“Vetusta Monumenta,” Latin for “ancient monuments,” is a series of 336 large prints created from highly detailed copperplate engravings of ancient buildings and artifacts and published by the Society of Antiquaries of London between 1817-1906. Only 11 copies of “Vetusta Monumenta” exist, one of which is at the University of Missouri Special Collections. Heringman, Lake, and their editorial team have already scanned, at high resolutions, the first 159 prints in the series and included them in their digital scholarly edition in Scalar.
The NEH Grant will allow Heringman, Lake and other researchers on their team to investigate each print to learn more about the objects depicted, including their provenance and history as well as create a digital edition that will preserve and make those prints available to everyone.
But Vetusta Monumenta, as a digital edition, is about more than access and preservation. Heringman and Lake’s aim is to employ Scalar’s affordances as a means to offer readers and researchers multiple, interconnected pathways through the series while annotating the prints themselves extensively. Many of the prints will be marked up with translations and scholarly commentary (see image above). But the collection as a whole will also be richly interconnected in this Scalar version in ways that can move the prints beyond their original organization as a series. In this way, Vetusta Monumenta constitutes an essential rethinking of the scholarly edition, one that truly combines the traditional scope of humanities inquiry with the affordances and methodologies of digital scholarship. By offering readers the ability to engage the contents of each volume as a traditionally structured “book” and as a series of data points whose complex interconnections can be visualized, navigated and explored, Vetusta Monumenta attempts to move the genre well beyond the standard “electronic scholarly edition.”
Scalar’s new path + context navigation system
We’ve added a few navigational features to the Scalar reading interface this week. We hope you like them. We’d like to thank the generous folks at the NEH’s Office of Digital Humanities for making work on these features possible.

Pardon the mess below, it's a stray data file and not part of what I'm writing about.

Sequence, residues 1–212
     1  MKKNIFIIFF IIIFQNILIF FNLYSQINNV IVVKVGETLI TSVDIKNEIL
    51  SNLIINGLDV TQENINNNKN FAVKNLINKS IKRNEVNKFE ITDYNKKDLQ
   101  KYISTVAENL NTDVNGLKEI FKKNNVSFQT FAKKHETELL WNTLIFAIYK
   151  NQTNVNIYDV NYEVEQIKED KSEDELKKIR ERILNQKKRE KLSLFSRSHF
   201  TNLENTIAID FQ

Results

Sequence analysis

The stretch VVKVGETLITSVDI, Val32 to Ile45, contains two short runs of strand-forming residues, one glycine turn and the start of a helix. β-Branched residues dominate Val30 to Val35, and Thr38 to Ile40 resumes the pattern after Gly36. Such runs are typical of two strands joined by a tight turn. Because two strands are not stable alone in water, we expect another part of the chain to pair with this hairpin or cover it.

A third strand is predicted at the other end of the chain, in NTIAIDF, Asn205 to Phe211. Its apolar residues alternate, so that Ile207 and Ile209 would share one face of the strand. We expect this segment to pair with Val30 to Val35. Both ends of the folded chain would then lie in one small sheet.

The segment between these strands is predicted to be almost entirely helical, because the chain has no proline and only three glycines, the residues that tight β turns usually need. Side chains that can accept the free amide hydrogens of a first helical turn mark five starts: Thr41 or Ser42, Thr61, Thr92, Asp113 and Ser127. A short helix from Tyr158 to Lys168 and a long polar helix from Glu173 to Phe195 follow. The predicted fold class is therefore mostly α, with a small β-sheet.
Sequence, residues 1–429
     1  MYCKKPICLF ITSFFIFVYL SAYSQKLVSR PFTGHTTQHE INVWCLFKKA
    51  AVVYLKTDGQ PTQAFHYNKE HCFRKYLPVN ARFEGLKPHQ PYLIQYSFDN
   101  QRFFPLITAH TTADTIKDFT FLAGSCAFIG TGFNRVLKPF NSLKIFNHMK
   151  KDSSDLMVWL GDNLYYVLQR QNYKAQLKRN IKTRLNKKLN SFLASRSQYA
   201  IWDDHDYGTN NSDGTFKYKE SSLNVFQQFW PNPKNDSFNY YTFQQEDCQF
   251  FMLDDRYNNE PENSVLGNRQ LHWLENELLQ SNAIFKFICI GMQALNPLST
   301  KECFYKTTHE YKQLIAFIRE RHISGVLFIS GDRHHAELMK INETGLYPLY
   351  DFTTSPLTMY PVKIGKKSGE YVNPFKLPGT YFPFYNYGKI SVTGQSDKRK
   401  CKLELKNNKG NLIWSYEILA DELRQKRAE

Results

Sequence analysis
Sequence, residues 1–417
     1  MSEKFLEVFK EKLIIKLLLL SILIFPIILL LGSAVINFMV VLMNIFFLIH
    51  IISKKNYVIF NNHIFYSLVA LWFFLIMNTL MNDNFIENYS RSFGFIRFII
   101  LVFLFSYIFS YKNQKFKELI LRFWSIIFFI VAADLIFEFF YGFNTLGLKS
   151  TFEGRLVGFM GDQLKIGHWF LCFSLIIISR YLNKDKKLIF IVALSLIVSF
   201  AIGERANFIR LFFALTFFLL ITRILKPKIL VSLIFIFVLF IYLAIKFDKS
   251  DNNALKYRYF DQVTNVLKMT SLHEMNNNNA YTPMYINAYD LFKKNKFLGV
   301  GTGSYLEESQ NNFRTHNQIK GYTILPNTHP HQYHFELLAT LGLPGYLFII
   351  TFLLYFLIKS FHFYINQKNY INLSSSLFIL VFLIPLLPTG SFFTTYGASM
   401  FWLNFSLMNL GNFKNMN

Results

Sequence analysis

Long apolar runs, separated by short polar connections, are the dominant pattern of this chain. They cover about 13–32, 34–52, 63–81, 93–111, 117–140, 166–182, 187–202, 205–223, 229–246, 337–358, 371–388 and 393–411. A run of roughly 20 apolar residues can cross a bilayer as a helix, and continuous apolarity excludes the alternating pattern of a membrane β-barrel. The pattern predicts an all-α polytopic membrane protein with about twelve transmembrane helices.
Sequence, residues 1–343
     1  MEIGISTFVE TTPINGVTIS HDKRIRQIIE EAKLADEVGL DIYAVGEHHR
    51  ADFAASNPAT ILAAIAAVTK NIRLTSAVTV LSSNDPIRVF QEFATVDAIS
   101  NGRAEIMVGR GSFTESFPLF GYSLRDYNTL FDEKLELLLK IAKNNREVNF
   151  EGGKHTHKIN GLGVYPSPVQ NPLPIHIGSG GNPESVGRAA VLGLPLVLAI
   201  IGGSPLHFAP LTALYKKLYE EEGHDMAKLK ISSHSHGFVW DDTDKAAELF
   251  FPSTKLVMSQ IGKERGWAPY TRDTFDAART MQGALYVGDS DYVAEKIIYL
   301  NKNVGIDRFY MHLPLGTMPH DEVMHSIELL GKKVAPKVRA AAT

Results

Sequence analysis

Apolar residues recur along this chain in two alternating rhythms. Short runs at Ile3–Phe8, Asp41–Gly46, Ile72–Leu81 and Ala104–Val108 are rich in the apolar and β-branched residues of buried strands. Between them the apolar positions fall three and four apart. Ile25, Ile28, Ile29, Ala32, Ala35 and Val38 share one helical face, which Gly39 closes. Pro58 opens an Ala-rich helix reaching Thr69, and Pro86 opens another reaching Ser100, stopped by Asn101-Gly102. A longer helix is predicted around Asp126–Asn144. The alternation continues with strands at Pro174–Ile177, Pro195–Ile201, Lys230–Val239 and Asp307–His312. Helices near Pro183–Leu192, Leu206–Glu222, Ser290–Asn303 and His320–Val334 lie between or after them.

New Path Navigation
First, we’ve updated the ways readers can navigate backwards and forwards along a path. In addition to path navigation buttons located at the bottom of pages, readers can now access arrows in the wings that will direct them to content immediately preceding or following the current page in a path. Rolling over these arrows will also reveal the title and thumbnail for the content to which it links. Readers can, on a path of media, for instance, now get a preview of what’s next without leaving the current page.
New Context Navigation
Whether for research, collection building or some other purpose, Scalar books can be as expansive, complex and richly interconnected as one requires. Individual items in Scalar projects -pages, media, and annotations, among others- can, for instance, sit at the nexus of several pathways through a project. They can live in multiple contexts. A single page can reside on numerous paths, be tagged by multiple items, or both. Scalar is developed to make these complex interconnections legible to readers by offering a number of built-in visualizations for a book’s content.
Today we’re launching an interface element that makes these interconnections even more visible to readers: a new “Context” button. Clicking this button, located in the top-right of the page, reveals all paths within which the current item resides as well as all items that tag it. Links are provided to those tags as well as to the current page within other paths, allowing readers to treat those pages as akin to subway stations, getting on/off distinct, but related, narratives, arguments or collections (see figure below). The new “Context” button thus allows readers to better understand the multiple contexts within which the author has situated the current item and makes it easier for them to switch those contexts.
A representation of intersecting paths in Scalar. Left: red pages are the same page residing on multiple paths, as are the brown pages. Right: our new “Context” button allows readers to link to and from the same page on multiple paths.
These new navigation features will not, by default, be turned “on” for already existing Scalar books. To enable the new features, simply head to the “Book properties” tab in your dashboard and set “Display navigation buttons in margins?” to “Yes.”
As always, please feel free to send us feedback on these new features or just drop us a note about how you’re putting them to use.